If you’re reading this article, chances are very good you’re being spied on by someone, somewhere, and somehow. No, not from BohemianBoomer. We’re a do not track site which equals no spying which means Boomer don’t spy.
The very act of being online, browsing the interwebs, reading articles here and there, checking email, and just connecting your Mac or PC, iPhone or Android phone to the world’s largest network puts you at risk for data collection, which is just a bigger phrase that means spying.
Among the major technology gadget makers, Apple vs. Microsoft: Who spies the most?
Actually, it’s a trick question because all the major players in the gadget industry collect data, so they, in effect, spy on their customers or users. Microsoft’s Windows 10 has a new privacy settings page with a grand total of five buttons to turn on or off and accept.
First, let’s check out Microsoft and then compare that list to the options Apple gives you.
- Location – giving up your location means accurate and localized weather and directions. It also means Microsoft knows where you are.
- Diagnostics – this helps Microsoft improve software and services and likely is innocuous, but you never know, do you?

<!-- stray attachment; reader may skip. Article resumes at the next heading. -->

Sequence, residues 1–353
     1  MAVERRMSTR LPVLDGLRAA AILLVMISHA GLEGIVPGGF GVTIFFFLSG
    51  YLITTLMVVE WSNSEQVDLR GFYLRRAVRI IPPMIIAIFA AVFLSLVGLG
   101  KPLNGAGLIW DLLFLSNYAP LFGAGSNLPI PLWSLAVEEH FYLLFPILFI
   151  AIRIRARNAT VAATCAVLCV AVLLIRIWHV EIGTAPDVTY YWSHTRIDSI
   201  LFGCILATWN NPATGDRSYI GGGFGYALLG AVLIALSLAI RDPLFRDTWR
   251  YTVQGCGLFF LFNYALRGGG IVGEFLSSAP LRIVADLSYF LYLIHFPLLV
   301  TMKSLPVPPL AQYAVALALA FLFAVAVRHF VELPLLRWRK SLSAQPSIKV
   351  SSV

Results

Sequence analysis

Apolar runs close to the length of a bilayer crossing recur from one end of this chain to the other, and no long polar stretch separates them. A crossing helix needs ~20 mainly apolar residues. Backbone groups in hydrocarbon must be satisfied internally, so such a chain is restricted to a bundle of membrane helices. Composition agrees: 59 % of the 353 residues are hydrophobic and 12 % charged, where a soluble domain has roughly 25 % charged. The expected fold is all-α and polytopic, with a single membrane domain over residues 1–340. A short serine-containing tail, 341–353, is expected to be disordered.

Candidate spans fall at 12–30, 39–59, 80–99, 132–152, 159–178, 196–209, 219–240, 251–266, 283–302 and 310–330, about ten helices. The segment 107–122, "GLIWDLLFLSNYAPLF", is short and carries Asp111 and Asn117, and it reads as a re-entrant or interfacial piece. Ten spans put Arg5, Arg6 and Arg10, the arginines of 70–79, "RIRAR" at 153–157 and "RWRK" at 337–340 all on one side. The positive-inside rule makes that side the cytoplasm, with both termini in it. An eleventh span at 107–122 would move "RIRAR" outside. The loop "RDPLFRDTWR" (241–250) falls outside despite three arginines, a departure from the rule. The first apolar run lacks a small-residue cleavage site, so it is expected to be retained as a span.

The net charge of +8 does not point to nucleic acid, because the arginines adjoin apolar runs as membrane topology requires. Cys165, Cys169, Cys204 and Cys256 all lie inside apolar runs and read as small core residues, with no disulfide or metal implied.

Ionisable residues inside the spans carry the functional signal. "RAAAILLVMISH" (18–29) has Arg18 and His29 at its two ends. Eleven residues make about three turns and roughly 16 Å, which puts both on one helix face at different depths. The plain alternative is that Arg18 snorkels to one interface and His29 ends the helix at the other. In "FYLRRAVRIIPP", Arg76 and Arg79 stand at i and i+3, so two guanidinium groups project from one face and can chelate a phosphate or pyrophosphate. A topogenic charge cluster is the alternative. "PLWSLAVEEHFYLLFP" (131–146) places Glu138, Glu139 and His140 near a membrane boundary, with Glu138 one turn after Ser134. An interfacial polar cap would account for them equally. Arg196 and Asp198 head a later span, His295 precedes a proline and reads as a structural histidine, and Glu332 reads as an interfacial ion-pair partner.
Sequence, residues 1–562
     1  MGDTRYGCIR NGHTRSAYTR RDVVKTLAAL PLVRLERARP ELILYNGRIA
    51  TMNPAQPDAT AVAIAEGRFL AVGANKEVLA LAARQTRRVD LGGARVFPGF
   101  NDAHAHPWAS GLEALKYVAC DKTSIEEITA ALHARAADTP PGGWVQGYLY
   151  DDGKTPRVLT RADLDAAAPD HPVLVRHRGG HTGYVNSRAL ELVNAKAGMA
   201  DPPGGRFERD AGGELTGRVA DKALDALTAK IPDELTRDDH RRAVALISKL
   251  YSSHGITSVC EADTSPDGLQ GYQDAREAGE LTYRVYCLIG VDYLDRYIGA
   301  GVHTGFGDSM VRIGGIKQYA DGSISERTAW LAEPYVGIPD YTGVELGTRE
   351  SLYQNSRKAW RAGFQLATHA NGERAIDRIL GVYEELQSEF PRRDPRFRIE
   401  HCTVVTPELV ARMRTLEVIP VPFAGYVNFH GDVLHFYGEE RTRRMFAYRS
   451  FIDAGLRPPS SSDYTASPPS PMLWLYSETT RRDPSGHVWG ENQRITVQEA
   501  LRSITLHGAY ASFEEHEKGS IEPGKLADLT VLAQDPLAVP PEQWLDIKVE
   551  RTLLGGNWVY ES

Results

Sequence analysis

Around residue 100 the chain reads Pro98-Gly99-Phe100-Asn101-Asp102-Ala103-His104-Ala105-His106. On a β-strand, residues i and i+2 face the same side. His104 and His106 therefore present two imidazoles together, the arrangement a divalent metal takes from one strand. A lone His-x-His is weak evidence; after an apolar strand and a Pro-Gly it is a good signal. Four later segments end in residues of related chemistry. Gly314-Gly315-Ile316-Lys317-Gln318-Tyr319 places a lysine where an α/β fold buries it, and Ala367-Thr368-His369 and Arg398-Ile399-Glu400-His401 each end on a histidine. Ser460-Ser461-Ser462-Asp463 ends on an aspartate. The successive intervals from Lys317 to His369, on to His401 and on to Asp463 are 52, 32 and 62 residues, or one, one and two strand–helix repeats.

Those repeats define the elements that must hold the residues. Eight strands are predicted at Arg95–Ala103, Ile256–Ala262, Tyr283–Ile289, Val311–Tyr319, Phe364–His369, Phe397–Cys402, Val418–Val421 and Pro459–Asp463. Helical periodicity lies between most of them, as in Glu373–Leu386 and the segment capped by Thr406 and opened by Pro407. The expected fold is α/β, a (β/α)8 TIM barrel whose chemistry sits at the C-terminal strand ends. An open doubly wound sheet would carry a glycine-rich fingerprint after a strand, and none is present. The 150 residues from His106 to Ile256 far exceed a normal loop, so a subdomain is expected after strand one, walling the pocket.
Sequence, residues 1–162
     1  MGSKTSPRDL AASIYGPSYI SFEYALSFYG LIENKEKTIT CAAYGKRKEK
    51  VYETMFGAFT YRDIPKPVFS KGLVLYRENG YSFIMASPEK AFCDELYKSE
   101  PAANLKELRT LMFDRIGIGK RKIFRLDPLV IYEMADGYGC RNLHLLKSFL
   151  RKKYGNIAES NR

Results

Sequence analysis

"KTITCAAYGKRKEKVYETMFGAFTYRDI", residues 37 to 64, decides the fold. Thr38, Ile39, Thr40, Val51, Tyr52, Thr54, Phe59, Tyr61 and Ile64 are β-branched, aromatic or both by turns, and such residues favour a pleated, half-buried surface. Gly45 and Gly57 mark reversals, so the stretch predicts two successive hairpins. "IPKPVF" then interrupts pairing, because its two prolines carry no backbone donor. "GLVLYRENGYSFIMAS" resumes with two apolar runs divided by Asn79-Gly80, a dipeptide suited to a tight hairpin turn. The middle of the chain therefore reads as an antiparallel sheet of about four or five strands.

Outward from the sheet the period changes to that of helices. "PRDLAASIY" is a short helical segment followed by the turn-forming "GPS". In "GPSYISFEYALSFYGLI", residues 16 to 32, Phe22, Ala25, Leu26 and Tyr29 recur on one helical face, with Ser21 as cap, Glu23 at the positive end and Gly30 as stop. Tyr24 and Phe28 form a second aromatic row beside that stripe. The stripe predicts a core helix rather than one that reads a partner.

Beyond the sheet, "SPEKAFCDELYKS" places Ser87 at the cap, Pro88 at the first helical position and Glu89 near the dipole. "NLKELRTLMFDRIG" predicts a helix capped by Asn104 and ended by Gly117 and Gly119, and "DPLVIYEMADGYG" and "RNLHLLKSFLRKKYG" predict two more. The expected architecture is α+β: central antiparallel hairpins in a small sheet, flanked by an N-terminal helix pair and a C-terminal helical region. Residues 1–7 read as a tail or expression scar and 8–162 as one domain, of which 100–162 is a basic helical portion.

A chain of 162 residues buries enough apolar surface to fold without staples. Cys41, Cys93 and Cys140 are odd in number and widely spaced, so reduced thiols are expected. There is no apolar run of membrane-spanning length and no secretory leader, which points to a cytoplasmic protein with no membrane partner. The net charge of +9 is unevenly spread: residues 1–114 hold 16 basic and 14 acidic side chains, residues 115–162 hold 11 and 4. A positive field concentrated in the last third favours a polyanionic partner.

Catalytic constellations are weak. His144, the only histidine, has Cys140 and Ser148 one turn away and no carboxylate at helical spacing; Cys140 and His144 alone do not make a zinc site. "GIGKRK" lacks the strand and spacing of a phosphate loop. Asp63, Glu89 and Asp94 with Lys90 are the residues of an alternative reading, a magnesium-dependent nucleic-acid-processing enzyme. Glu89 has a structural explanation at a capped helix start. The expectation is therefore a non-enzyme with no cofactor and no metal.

- Relevant Ads – advertising makes the world go round and helps to reduce app prices, but at least Microsoft is right up front about the spying.
- Speech Recognition – yeah, most PCs have microphones and cameras, and Microsoft’s Cortana works much like Siri, Alexa, and Google Assistant, so when the mic is on, you can speak and be understood by your PC. But it also means your PC can listen to you whenever Microsoft decides it wants to listen.
- Tailored Experiences – Kudos to Microsoft for at least asking if it’s OK to use data to tailor the company’s products and services for your needs.
Who spies the most? Microsoft pays lip service to privacy because gathering information about you is a time honored and profitable profession. Google does it more than Microsoft, of course, because that’s how Google makes money. Remember, you’re not Google’s customer. You’re a user and that makes you part of the product.
On your Mac, open System Preferences and click Security & Privacy. General settings are obvious, FileVault encrypts your Mac’s files, Firewall locks out potential hacks, but Privacy is where it’s at because you get a list and controls on a per app basis. You control the whole shebang, app by app, if needed.
iPhone and iPad work much the same but with even more extensive controls. Open Settings, tap on Privacy. That’s where you’ll find granular controls to block or allow third party applications which need or want to view your private information.
While Apple is rather upfront about what it collects and what it may do with your personal and device information, Apple’s motivation for culling data is different than Google with Chrome and Android, Microsoft, Amazon, et al. They make money from your data which is used to create and maintain a personal profile. Apple does not.